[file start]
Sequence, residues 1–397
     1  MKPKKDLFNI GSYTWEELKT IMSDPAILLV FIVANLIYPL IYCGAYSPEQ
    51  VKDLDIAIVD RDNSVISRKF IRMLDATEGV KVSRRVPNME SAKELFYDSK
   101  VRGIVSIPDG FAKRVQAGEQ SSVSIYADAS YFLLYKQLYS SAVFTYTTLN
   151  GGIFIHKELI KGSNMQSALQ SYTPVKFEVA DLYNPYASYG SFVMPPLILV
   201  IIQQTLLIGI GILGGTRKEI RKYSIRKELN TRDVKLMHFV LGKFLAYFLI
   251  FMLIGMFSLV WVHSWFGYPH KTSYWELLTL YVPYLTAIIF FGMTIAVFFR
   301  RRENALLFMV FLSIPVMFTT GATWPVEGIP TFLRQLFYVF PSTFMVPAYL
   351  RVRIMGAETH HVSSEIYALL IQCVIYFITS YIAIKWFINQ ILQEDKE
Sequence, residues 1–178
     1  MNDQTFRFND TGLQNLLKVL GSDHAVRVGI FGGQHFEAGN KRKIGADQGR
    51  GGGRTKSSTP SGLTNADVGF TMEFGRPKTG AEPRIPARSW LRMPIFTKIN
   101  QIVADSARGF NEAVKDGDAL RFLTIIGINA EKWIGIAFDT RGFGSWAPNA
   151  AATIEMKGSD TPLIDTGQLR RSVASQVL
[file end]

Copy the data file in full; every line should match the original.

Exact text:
Sequence, residues 1–397
     1  MKPKKDLFNI GSYTWEELKT IMSDPAILLV FIVANLIYPL IYCGAYSPEQ
    51  VKDLDIAIVD RDNSVISRKF IRMLDATEGV KVSRRVPNME SAKELFYDSK
   101  VRGIVSIPDG FAKRVQAGEQ SSVSIYADAS YFLLYKQLYS SAVFTYTTLN
   151  GGIFIHKELI KGSNMQSALQ SYTPVKFEVA DLYNPYASYG SFVMPPLILV
   201  IIQQTLLIGI GILGGTRKEI RKYSIRKELN TRDVKLMHFV LGKFLAYFLI
   251  FMLIGMFSLV WVHSWFGYPH KTSYWELLTL YVPYLTAIIF FGMTIAVFFR
   301  RRENALLFMV FLSIPVMFTT GATWPVEGIP TFLRQLFYVF PSTFMVPAYL
   351  RVRIMGAETH HVSSEIYALL IQCVIYFITS YIAIKWFINQ ILQEDKE
Sequence, residues 1–178
     1  MNDQTFRFND TGLQNLLKVL GSDHAVRVGI FGGQHFEAGN KRKIGADQGR
    51  GGGRTKSSTP SGLTNADVGF TMEFGRPKTG AEPRIPARSW LRMPIFTKIN
   101  QIVADSARGF NEAVKDGDAL RFLTIIGINA EKWIGIAFDT RGFGSWAPNA
   151  AATIEMKGSD TPLIDTGQLR RSVASQVL